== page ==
- The personalized exposure prescription method for X-ray imaging is an effective tool for reducing radiation to patients during radiography
- Radiation doses to patients can drastically be reduced from current levels of clinical X-ray imaging, without compromising diagnostic accuracy
- Potential impact on human health is enormous given 78 per cent of all imaging procedures globally are X-ray imaging
A Charles Sturt University (Charles Sturt) research academic and his four colleagues in Taiwan have received a major international award and recognition for their ground-breaking work on X-ray radiation imaging.
The American Society of Radiologic Technologists (ASRT) awarded Dr Xiaoming Zheng in the Charles Sturt School of Dentistry and Health Sciences in Wagga Wagga and his four research colleagues in Taiwan the ‘2018 Radiologic Technology Distinguished Author Award in Honour of Jean I Widger’.
The award is for the most significant research article published each year, has a US$1,000 prize, and is determined by the editorial board of the Radiologic Technology journal.
In the article ‘Personal Exposure Prescription Method Reduces Dose in Radiography’, published in the May/June 2018 issue of Radiologic Technology, the authors concluded that the personalized exposure prescription method is an effective tool for reducing radiation to patients during radiography.
Dr Zheng (pictured) said, “Our research evaluated the effectiveness of an automatic, personalized exposure prescription method designed to reduce radiation dose during radiography examinations.
“Using standard imaging parameters of average-sized patients, we measured individual body-part thicknesses or imaging regions of 116 patients and calculated each patient’s exposure amount.
“We used the data to develop each patient’s personalized exposure prescription, and we found no difference in image quality between diagnostic images obtained using the prescription method and those obtained using standard protocols.”
The authors concluded that the personalized exposure prescription method is an effective tool for reducing radiation to patients during radiography.
“The implications for patients are that the radiation doses to patients can drastically be reduced from current level of clinical X-ray imaging, without compromising diagnostic accuracy,” Dr Zheng said.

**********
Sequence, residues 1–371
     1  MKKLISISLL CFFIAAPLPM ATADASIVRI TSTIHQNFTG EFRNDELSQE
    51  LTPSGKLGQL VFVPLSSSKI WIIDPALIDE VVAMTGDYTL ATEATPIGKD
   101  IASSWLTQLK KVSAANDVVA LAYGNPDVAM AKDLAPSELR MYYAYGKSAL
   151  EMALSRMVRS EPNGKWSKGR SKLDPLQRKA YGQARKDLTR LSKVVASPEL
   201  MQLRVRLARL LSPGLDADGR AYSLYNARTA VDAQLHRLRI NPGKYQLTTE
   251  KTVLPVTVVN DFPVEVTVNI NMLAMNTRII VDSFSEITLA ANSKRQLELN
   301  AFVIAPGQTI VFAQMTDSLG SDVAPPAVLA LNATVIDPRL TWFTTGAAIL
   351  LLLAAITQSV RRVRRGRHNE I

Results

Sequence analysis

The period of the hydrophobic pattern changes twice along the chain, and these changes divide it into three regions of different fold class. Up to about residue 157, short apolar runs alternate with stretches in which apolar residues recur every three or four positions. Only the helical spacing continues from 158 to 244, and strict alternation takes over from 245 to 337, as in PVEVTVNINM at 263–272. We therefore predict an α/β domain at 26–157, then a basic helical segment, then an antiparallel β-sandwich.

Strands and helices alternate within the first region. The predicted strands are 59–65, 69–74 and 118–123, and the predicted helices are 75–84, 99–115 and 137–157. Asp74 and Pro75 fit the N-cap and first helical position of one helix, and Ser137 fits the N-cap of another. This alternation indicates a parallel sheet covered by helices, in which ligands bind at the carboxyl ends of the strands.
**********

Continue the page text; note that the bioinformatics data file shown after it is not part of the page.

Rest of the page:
“In turn, it will drastically reduce cancer risk of patients undertaking X-ray imaging.
“Our finding’s potential impact on human health is enormous considering that 78 per cent of all imaging procedures are X-ray imaging globally.
“It is a clinical confirmation of my previously derived physical law that governs the clinical X-ray imaging. (See those two papers here: http://doi.org/10.1007/s12194-017-0413-6; and http://doi.org/10.1007/s12194-018-0457-2 ).
“Moreover, it is a personalised exposure prescription (personalised medicine) with precision (precision medicine).
“It completely eliminates the possibility of ‘dose creep’ in clinical practice, and made the ‘automatic exposure control’ in radiographic imaging redundant.”
Dr Zheng also emphasised that besides reducing radiation doses to patients, that there may be significant financial savings to patients and health systems to administer radiological procedures.
“Reduce doses in medical X-ray imaging will also prolong the life-time of imaging systems, in particular, the X-ray tubes,” Dr Zheng said.
“The economic implication should not be under-estimated considering the huge numbers of imaging systems globally.
“As already noted, current medicine is moving towards increasingly personalised medicine and precision medicine, so this work is a timely tool to achieve just that.”The award was announced on Monday 22 April and will be conferred at the ASRT Annual Governance and House of Delegates Meeting in Orlando, Florida, on Friday 21 June 2019 which Dr Zheng will attend.